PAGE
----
The moon shone brightly in the clear sky, silvering scrubby trees and dry grass that whispered in the night. In the distance, a coyote howled, the mournful sound echoing across the flat plains and dusty trails that wound their way through the dry landscape. The smell of smoke still drifted on the wind, the scent of smoked meat mingling with spices.
Alexa sat on the ground, knees pulled up to her chest as she watched the campfire’s remaining embers flicker and die—bright points of light that sparked and flared occasionally with the breeze. She could hear the others around her, quiet breaths sounding amidst the gloom. Most of them had decided to sleep inside the wheeled caravan nearby—House and Aladdin curled up in each other’s arms, Rosemary snuggled beneath quilts. Mickey and Feargus remained on watch outside, staying awake as the others rested. They probably assume I’m asleep, too. From her position, she could see the guards within the dark—faint outlines next to the horses.
But sleep wouldn’t come. It’s that moment when you begin to drift off—that feeling of weightlessness, as if you have no body. Alexa turned her face upward instead, eyes tracing the starlight above. The brilliant orbs stretched from horizon to horizon—clear, endless.
That’s when she heard it—the quiet sound of a footstep, the sound of someone who didn’t want to be heard. Alexa’s body stiffened for a moment and then she forced herself to relax. Carefully, slowly, she placed a hand on the hilt of her sword, listening again.
There was another footstep—this one nearer to the caravans where the others slept. The hairs on the back of Alexa’s neck prickled. It could just be one of our own stepping outside for a minute. She cast a quick glance toward Mickey and Feargus, but they seemed to be unaware—watching for any threats in the wastes instead.
Alexa stood, muscles protesting faintly as she drew her sword quietly. She kept her breathing easy—calm, collected—and stepped silently toward the caravan. She couldn’t see anything—no figure, nothing wrong. She could just be paranoid. I’d still better check. After all, it was better to be safe.
She found herself outside the covered wagon with its warped boards and worn wheels. Retractable steps led upward, providing easy access inside. Normally, a door would block the entrance, a metal lock keeping precious cargo safe. Normally, she wouldn’t be able to just walk through.
The door was open.
Alexa’s breathing halted for a moment, heart thudding in her chest. No. Adrenaline suddenly washed through her as she leapt up the stairs, no longer caring if anyone heard her. Please no. Her stomach plummeted as she stepped inside, as she drew a sharp intake of breath. Her vision swung wildly as she stared at the scene before her.
Blood. She’d seen it before, but never so much in such a small space. It dripped across the wooden planks, seeping into blankets and sheets. It spilled over cots and prone bodies. Aladdin’s pale arm was flung over House’s slim form, his fingers splayed outward as his brown eyes stared upward at nothing. An effort to shield her from the attacker? It hadn’t worked. Rosemary didn’t look like she had even woken up. Her face seemed almost peaceful amidst her chestnut curls as a stain spread across her still-swollen stomach. Alexa didn’t need to check to see that the babies were dead. Too much blood.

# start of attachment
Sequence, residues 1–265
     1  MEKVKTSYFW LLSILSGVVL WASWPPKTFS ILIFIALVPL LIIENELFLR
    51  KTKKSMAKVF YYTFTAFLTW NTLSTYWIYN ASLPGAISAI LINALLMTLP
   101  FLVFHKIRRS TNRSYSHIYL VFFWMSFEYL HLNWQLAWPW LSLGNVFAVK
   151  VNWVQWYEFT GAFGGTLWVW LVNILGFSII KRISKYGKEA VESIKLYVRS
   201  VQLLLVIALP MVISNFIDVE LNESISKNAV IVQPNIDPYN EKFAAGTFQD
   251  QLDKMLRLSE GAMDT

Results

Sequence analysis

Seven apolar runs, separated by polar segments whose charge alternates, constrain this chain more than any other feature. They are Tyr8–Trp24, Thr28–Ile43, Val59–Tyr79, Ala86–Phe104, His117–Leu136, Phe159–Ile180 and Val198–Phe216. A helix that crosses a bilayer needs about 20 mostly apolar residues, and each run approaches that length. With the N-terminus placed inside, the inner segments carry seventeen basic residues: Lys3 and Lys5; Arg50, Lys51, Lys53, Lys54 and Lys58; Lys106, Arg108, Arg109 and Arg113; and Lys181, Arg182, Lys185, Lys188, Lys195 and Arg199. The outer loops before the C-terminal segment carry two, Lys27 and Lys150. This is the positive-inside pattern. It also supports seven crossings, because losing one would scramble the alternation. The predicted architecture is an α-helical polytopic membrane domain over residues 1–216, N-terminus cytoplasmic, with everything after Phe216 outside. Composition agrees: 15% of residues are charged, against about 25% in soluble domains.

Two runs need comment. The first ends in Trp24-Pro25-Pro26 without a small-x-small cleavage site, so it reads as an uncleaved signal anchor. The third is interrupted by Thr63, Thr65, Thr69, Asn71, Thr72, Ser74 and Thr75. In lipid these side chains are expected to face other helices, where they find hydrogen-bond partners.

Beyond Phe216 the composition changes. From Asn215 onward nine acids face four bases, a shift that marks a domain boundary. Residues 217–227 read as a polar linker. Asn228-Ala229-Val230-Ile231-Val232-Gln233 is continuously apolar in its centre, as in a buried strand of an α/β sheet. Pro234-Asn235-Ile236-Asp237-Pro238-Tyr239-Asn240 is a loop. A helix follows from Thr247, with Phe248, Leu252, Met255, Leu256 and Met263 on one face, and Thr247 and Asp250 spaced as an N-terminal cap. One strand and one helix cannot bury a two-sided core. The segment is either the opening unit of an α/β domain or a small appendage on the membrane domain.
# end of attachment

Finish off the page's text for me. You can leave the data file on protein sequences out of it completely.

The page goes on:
Alexa felt sick, her gut churning as she braced herself against the wall of the wagon. Her body numb—as if she wasn’t even there. Something in the back of her head told her that she might be in shock, that she should take a moment to assess the fact that Rosemary was gone. Her limbs trembled slightly as she stared at a small stuffed animal that had fallen to the floor. Black button eyes stared back at her, glimmering.
Then her body was in motion. She was down the stairs and out the door, feet pounding the dirt as her breath rattled in her ears. Mickey and Feargus. She darted past the campfire and toward where she’d seen them last. They’ll help. We’ll track down the…
She slipped, her footing sliding out from under her as she stepped in something slick. Alexa’s arms flailed for a moment as she skidded, body adjusting to keep her on her feet. She paused for a moment, catching her breath—and then her breath stopped completely.
The world crashed around her. There was nothing but the darkness and the moonlight and the feel of slick blood underfoot. Then there was rough stone, breath in her lungs, sharp air that stabbed her exposed skin.
And then there was a figure in the darkness—a slim body running away from the caravan. Alexa stared, wondering how far she herself had run, wondering how much time had passed.
She decided it didn’t matter. Instead, she took off after the figure, arms pumping at her sides. Her hair streamed behind her, sword flashing out as she held it. You won’t get away. She was gaining on the figure—the woman. She could see how her target’s pale hair was pinned back, how her dark jacket flapped like black wings behind her.
Close enough. Alexa leapt, arms reaching for the other woman. The target glanced over her shoulder, briefly, eyes widening in surprise. Then Alexa tackled her to the ground.
They were suddenly kicking, biting, scratching. The woman’s hair came loose from its intricate knots, falling around her face as they struggled. Alexa knocked a knife from her hands and then held her own blade to her target’s throat, chest heaving.
For a few brief moments they remained still, staring at one another, breathing hard. That’s when Alexa realized who she’d caught—who had killed them all.
Alexa screamed silently, eyes focused on the thing in front of her. Green eyes stared back at her—eyes that pierced her, eyes that knew, eyes that hardened into stone. Familiar eyes. The eyes of a monster.
Alexa woke up.